That smartphone in your pocket includes a wealth of information about you, your colleagues, and your family. This information includes phone numbers, images, and addresses. This begs the question, are smartphones secure enough for online protection?
Smartphone security is beyond the debate of which cell phone version do you have. Mobile devices have grown so pervasive that they have piqued the criminal’s interest looking to steal PII. These accepted tips can help you mitigate the risk of losing your data.
Let’s get started.
There could be a chance that you may receive SMS from a recognized institute, but it may not be the case. However, if you receive account information requests through email or text, it is wise to contact the company directly. It will confirm the recommendations made. On a safer note, do not entertain dodgy links obtained from unsolicited emails or messages.
It’s simple to set this up. If you are using an android device, go to settings and find Location & Security Settings. Ensure that your location is off. On the other hand, tap on settings from your device’s apps menu. Select security option (this varies as some android may have security and screen lock). Tap Screen Lock under the screen security section. You have different choices, where you can pick the lock type, depending on your discretion. These functions are available to iOS users as well. They can go to the General section of their settings corner and set up a password, pin, and pattern.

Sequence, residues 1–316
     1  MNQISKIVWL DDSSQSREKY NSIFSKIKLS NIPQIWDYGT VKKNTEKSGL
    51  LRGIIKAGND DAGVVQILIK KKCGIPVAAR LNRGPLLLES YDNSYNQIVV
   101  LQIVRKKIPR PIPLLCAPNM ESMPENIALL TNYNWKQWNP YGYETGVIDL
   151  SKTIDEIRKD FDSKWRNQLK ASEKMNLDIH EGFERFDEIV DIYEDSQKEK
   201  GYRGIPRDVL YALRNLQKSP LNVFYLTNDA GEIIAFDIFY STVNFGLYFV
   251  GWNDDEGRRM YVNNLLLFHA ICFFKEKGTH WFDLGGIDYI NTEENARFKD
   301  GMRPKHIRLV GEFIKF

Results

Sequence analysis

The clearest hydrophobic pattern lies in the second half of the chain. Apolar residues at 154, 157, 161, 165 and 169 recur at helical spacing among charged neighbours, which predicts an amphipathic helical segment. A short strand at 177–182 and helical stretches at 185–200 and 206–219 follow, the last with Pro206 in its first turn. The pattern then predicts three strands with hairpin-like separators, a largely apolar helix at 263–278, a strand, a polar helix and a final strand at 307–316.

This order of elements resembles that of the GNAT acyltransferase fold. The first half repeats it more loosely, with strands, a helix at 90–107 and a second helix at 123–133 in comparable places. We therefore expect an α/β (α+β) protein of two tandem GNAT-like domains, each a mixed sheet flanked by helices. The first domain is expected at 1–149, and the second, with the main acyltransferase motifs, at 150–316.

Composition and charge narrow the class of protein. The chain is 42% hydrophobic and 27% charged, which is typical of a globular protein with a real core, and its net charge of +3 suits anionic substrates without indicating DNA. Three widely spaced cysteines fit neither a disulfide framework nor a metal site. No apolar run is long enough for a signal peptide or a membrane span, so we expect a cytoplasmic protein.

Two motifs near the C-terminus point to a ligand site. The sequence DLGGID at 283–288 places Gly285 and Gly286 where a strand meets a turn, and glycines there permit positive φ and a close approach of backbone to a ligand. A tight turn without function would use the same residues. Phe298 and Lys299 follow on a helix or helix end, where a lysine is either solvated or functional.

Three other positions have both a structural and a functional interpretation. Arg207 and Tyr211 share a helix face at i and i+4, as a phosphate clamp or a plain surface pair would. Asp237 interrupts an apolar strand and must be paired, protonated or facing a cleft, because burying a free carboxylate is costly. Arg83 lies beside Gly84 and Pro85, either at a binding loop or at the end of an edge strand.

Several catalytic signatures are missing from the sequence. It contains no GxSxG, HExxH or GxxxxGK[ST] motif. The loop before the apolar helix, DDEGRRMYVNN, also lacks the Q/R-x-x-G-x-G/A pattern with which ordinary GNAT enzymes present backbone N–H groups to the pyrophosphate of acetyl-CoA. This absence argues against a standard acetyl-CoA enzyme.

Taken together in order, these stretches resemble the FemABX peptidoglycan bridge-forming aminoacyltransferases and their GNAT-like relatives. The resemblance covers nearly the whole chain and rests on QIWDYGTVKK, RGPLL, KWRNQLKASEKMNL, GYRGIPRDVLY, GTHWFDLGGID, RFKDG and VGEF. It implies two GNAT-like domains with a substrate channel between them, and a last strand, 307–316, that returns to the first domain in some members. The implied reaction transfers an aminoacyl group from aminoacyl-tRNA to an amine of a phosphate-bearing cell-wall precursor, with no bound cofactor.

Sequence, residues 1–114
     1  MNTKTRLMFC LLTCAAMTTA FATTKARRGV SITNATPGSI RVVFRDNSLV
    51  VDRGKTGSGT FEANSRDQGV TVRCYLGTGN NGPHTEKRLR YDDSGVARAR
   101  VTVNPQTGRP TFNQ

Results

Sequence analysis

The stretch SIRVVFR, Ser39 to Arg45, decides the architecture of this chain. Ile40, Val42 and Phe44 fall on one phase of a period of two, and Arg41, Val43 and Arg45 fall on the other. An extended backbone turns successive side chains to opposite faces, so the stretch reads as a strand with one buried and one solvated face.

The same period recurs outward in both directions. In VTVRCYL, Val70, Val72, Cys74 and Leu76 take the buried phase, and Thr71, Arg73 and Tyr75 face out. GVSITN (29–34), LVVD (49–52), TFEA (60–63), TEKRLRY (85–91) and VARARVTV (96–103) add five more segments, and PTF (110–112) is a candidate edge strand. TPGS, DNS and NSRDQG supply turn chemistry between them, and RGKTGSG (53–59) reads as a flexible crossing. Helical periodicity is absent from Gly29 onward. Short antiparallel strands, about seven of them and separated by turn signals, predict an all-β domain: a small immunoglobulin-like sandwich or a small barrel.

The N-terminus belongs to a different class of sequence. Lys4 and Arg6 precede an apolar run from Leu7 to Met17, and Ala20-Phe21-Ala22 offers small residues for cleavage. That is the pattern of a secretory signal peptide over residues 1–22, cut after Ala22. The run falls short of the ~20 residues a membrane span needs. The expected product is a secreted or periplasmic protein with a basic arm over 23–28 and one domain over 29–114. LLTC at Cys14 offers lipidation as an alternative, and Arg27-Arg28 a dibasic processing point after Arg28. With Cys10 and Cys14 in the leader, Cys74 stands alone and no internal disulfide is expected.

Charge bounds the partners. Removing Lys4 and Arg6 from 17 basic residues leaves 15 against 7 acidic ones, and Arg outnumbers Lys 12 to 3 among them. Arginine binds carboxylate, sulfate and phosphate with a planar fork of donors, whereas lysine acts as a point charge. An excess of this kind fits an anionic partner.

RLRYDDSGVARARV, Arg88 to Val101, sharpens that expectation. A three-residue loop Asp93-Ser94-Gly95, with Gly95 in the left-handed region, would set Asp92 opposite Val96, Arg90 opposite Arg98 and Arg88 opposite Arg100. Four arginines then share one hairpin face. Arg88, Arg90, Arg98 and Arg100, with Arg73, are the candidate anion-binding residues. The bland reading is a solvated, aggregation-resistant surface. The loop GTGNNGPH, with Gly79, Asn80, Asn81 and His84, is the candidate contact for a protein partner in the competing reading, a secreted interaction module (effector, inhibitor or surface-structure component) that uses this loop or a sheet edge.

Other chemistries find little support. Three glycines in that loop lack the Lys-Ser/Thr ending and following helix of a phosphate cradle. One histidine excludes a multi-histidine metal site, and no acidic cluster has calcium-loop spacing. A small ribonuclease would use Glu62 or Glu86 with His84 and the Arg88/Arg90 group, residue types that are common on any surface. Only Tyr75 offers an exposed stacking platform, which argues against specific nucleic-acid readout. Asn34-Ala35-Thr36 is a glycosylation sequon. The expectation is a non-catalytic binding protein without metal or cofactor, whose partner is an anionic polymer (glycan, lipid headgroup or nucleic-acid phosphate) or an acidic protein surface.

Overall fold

Robocallers and spam callers use many different phone numbers, many of which have the same prefixes as your own. You can block unwanted spam calls on iPhones and Android devices.
Block Spam Calls iPhone: Open the Phone app and tap Recents to block them on your iPhone. Next to the number you wish to block, tap the Info icon. Tap on Block Contact > Block This Caller. This option will help you select a phone number to block it.
Block Spam Calls Android: Open the phone app on your Android device, and keep pressing (for a minute) a contact that is consecutively calling you. Once done, you will see an option to block it; tap on the “Block” option, and boom.
Mark incoming calls as Spam.
Open the Phone app on your device.
Tap Recents at the bottom.
Select the call you would like to report as Spam by tapping it. Report or Block Spam by tapping Block or Report Spam. There will be a confirmation asking if you want to stop the number if you tap Block. Tap the block option. You can also tap it as Report spam, depending on your choice and need.
Note: The processes for blocking numbers differ depending on the type of Android device and operating system. You should be able to pick recent calls or call history when you open the Phone app. Find the command that says Block and report as Spam for the number you wish to block. The notification will ask if you would like to block the number promptly once it is confirmed.